of the shaking that would have been required to cause her injuries, and given that the symptoms of injury
would have presented almost immediately, there is no way that the Defendant could have caused the
injuries and not known that he was the cause.
Not long after this polygraph examination, the Defendant obtained his present counsel, who
failed to inform the State of the polygraph test for over a year, finally informing the State earlier this
month (September, 2013). Polygraph examinations not stipulated to by both the State and the Defendant
are not admissible at trial (see State v. Chambers, 240 Ga. 76 (1977) and its progeny) and the State is
generally skeptical of unstipulated polygraph examinations conducted without the State's input as to the
manner of questions that should be asked. Polygraph is a reliable science, but polygraphists are human
so polygraph results are only as good as the person who obtains them and the examiners personal
credibility plays a significant part in the evaluation of those results.
After learning of and obtaining a copy of this polygraph report, the State set up a meeting which
was held on Friday, September 13, 2013 at the Murray County Courthouse. The meeting was attended
by the undersigned District Attorney, by the Chief Assistant District Attorney, Scott Minter, by the lead
investigator in the case, Special Agent Joe Montgomery of the Georgia Bureau of Investigations and by
the polygraphist, Jerry Rowe. Special Agent Montgomery has worked with Mr. Rowe for several years
and was able to vouch for his credibility and reliability and further stated that if we had sought to conduct
a stipulated polygraph in the case, he would have likely recommended Mr. Rowe as the examiner. After
an extensive discussion with Mr. Rowe it was determined that the examination was conducted in a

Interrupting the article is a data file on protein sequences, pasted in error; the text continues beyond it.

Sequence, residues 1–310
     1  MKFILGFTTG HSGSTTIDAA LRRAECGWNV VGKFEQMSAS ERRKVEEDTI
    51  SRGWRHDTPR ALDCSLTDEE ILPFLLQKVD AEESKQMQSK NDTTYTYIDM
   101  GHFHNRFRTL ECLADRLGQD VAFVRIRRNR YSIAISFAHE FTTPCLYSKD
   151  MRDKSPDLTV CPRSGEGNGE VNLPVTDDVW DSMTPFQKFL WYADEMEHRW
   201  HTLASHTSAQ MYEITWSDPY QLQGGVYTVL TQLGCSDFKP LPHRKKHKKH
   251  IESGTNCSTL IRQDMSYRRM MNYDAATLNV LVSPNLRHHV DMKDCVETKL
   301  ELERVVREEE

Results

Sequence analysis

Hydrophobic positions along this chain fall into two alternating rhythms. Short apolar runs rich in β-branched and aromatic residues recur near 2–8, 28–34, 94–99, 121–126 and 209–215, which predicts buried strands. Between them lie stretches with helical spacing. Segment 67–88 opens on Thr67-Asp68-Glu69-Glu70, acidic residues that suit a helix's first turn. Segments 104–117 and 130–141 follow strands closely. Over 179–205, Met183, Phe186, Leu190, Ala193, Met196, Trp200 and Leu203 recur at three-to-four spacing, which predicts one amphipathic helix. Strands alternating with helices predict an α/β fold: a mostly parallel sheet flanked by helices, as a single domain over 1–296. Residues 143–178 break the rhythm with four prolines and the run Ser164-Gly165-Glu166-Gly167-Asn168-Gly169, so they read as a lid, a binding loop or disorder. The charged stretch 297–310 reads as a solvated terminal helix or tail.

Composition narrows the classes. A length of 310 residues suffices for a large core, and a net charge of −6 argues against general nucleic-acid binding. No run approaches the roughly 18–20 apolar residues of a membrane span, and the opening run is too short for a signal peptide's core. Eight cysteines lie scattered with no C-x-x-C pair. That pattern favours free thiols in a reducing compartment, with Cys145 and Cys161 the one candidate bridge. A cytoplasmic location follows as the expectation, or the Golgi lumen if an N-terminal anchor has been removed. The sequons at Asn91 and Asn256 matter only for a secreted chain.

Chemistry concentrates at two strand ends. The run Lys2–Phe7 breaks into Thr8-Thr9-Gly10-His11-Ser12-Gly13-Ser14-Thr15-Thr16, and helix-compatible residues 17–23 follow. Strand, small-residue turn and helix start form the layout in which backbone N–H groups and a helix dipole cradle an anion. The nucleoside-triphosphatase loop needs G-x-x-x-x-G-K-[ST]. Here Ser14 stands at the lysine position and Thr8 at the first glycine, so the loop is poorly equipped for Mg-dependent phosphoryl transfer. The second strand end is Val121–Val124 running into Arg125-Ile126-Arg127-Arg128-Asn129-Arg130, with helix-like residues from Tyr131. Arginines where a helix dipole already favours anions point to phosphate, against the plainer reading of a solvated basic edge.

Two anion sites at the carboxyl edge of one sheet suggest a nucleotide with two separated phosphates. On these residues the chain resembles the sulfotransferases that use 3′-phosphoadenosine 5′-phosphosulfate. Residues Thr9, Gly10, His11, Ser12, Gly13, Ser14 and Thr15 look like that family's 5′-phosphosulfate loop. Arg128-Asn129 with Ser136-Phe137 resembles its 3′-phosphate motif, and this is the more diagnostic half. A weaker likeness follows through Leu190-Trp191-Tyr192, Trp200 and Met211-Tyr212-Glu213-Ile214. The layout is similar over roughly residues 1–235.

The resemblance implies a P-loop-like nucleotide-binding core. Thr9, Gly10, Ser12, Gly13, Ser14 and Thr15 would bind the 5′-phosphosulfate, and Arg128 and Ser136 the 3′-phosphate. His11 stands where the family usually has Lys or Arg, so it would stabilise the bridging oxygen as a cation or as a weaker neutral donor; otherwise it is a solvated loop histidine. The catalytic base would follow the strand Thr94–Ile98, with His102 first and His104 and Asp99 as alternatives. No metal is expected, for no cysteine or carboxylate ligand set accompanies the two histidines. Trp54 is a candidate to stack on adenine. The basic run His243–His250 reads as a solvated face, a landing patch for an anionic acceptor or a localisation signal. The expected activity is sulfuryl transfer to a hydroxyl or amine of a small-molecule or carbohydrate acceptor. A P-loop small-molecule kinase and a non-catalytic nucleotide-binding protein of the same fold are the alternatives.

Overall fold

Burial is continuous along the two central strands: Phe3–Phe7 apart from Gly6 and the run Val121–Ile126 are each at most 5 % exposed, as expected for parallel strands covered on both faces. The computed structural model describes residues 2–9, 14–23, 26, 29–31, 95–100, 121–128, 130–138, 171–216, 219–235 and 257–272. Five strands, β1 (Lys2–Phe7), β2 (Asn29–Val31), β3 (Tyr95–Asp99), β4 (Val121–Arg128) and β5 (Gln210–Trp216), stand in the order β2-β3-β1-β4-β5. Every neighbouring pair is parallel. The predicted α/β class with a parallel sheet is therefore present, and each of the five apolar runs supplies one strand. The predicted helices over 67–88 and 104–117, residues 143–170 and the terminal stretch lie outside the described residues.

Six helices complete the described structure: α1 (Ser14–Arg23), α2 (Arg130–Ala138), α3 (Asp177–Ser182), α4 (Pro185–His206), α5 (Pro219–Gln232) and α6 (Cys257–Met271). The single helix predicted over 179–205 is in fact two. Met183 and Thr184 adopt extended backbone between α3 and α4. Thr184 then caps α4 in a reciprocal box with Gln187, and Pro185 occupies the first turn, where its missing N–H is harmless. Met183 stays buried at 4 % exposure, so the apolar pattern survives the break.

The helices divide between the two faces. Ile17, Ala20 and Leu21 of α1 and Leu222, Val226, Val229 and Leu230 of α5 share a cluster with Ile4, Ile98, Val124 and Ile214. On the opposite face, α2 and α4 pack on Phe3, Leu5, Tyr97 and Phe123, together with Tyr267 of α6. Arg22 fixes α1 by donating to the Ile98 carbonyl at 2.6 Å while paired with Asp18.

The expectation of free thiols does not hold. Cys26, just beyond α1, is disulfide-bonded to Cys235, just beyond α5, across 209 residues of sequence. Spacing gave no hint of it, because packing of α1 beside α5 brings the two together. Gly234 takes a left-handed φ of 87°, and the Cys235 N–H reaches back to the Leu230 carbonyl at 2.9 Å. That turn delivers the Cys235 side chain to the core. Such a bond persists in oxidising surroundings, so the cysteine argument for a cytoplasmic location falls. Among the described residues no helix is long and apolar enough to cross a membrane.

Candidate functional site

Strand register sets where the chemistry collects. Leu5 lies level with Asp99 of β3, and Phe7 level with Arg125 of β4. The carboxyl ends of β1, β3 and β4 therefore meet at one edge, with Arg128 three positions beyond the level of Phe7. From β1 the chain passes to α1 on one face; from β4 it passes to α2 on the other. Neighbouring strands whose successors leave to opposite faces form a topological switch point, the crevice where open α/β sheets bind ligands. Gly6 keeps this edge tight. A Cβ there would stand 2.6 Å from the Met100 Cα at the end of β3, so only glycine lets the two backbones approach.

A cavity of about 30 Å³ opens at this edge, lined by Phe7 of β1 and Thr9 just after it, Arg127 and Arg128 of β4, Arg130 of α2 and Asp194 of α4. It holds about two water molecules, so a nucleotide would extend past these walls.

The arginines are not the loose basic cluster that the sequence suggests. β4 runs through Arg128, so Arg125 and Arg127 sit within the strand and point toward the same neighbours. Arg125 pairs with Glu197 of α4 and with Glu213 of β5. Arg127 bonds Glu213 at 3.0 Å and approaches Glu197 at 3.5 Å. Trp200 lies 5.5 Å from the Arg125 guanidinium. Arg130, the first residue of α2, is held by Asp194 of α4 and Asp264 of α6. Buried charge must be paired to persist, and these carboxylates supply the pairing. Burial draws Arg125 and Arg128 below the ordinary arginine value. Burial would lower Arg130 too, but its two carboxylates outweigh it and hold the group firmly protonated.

manner consistent with normal law enforcement techniques and that the questions asked were
appropriate to the facts of the case. Mr. Rowe felt that his results were reliable and did not observe any
indication that the Defendant had been coached or otherwise trained in any manner to try to defeat the
This development has placed the State in an unusual position. Since the polygraph results are
not admissible in evidence, the State could proceed to trial with admissible evidence, primarily the
testimony of medical doctors, which would be sufficient to support a verdict of guilty. However, the
role of the prosecutor is to seek justice, not to seek convictions. (See e.g. American Bar Association
Standard 3-1.2(c)). As the State's case is predicated on the expert interpretation of scientific data,
specifically Jaidyn's observable injuries, and as the polygraph examination presents a contradictory
expert opinion based on scientific data, that being the measurements of the polygraph equipment, and as
the State has no basis on which to prefer one set of expert opinions over the other, the undersigned
cannot ethically take the case before a jury and ask them to convict on the basis the medical evidence
alone. The Defendant must be given the benefit of the doubt created by this conflict and not placed in
jeopardy of receiving a life sentence if there is even a possibility that the polygraph results are accurate
and the medical evidence has been misinterpreted. Given the particular trustworthiness of this
polygraph examiner, the State is persuaded that there is more than a mere possibility that his results are
For these reasons, the State now respectfully requests that this Court end the prosecution of the
Defendant by entering an order of Nolle Prosequi in the above-styled case.
Respectfully submitted this 17th day of September, 2013.
CONASAUGA JUDICIAL CIRCUIT
The State's Motion to Enter a Nolle Prosequi having been read and considered, the Court hereby